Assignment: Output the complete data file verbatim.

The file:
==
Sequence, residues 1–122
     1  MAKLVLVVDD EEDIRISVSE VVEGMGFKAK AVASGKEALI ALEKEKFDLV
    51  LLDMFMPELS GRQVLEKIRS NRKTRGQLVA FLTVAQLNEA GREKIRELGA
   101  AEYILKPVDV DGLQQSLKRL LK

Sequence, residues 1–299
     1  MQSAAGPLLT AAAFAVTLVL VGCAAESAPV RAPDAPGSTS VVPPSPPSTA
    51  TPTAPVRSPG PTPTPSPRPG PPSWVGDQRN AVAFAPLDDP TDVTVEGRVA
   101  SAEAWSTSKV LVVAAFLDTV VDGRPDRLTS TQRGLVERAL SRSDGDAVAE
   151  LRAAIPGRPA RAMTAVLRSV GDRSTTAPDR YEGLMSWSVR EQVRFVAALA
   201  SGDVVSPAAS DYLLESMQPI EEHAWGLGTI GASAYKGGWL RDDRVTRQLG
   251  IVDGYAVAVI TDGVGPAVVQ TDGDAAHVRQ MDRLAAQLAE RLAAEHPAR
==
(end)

Sequence, residues 1–122
     1  MAKLVLVVDD EEDIRISVSE VVEGMGFKAK AVASGKEALI ALEKEKFDLV
    51  LLDMFMPELS GRQVLEKIRS NRKTRGQLVA FLTVAQLNEA GREKIRELGA
   101  AEYILKPVDV DGLQQSLKRL LK

Sequence, residues 1–299
     1  MQSAAGPLLT AAAFAVTLVL VGCAAESAPV RAPDAPGSTS VVPPSPPSTA
    51  TPTAPVRSPG PTPTPSPRPG PPSWVGDQRN AVAFAPLDDP TDVTVEGRVA
   101  SAEAWSTSKV LVVAAFLDTV VDGRPDRLTS TQRGLVERAL SRSDGDAVAE
   151  LRAAIPGRPA RAMTAVLRSV GDRSTTAPDR YEGLMSWSVR EQVRFVAALA
   201  SGDVVSPAAS DYLLESMQPI EEHAWGLGTI GASAYKGGWL RDDRVTRQLG
   251  IVDGYAVAVI TDGVGPAVVQ TDGDAAHVRQ MDRLAAQLAE RLAAEHPAR